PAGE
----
It’s been bothering me. Having spent forty years beavering away in the green movement I still get upset when people say they are anti-capitalism. So I’m trying to work out why this is. I think I’ve got it at last.

When people say they are anti-capitalism they are talking about their fear that mega-corporations control the planet purely for profit. Their marketing plans are designed to shred our bank accounts by beguiling us with the desire to buy things we don’t really need.

Which then suggests capital is a bad thing.

Well, bite my head off if you want, but I think capital is not just a good thing, but essential to the very concept of permaculture. It goes like this. If you want to be creative (which is what permaculture is all about) you need resources to start with. That might be money in the bank. It might be property, land. It might be the skills you have. The languages you speak, literacy and numeracy. You might be a great mechanic, a brilliant carer, or just a kind person.

Garden Tool Shed

We call this Real Capital and we teach it on our courses. We need, all of us, to recognise the assets we have to hand and build on them. Permaculture suggests sharing surplus is an ethical act. But I suggest that surplus is what you share, not your core ability to provide in the first place- your working capital. This is something you need to grow and strengthen to increase your ability to feed your own, and then create surplus. Capital is vital to understanding and knowing how we can be able to help others.

Our Real Capital includes therefore not just money, but land, buildings, knowledge, time, energy, water, food, air (all of the right quality), friendship and allies, our belief in ourselves, and so on.

I know that only by developing real capital can we turn the world around from paths to destruction to creative futures. So join me and be a Capitalist.

Please join Graham on his next Permaculture Design Course at Zaytuna Fram, home of the Permaculture Research Institute Australia from October 17 – 28 2016. Visit the course listing page here for more details and to book.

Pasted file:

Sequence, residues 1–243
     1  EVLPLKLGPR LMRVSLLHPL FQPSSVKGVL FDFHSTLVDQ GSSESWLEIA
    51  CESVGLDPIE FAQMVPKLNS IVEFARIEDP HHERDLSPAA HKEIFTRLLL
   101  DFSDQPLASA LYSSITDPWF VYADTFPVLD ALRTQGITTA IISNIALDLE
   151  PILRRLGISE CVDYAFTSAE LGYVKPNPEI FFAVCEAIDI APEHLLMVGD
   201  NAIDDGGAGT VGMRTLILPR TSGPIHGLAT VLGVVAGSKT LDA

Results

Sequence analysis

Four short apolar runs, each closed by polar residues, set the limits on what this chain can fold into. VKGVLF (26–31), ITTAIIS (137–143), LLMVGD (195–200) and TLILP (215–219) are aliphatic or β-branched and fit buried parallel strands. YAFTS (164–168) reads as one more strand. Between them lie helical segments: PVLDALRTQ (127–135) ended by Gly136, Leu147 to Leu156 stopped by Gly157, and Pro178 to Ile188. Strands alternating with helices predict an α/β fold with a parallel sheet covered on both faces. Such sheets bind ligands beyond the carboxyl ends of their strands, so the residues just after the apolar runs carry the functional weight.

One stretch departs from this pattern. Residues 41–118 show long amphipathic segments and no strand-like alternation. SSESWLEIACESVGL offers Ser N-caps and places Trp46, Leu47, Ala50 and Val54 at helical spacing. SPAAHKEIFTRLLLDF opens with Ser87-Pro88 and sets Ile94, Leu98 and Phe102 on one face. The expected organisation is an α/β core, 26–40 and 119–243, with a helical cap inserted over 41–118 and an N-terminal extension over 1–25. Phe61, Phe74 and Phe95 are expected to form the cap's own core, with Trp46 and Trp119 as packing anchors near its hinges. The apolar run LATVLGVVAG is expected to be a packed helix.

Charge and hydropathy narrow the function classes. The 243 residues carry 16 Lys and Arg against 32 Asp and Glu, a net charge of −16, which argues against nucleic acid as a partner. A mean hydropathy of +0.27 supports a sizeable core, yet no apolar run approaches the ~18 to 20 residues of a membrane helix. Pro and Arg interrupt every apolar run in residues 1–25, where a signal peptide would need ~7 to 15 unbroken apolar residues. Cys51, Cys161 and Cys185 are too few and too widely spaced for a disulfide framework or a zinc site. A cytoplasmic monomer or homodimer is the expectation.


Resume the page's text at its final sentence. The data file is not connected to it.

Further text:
Graham Bell

I live and work in the Scottish Borders. My wife Nancy and I have created a Forest Garden which is approaching its twenty-fifth anniversary and provides a great deal of food, fuel and company (wildlife). Our children Ruby and Sandy (now in their twenties) have also been great contributors to developing our house and garden as an energy efficient home place. I have written two books on Permaculture, the Permaculture Way and the Permaculture Garden which thousands of people have enjoyed as easy introductions to what Permaculture means in a Northern temperate climate and the society that goes with it. I have taught Permaculture on four continents. After many years engaging with business and politicians in my work to get these essential principles understood and used by people who govern and direct the world's economies I have returned (2012)to teaching courses and restarted a North Hardy Plant Nursery specifically designed to support Forest Gardeners. We welcome invitations to teach elsewhere, and visitors here by arrangement. Full details can be found on my website.

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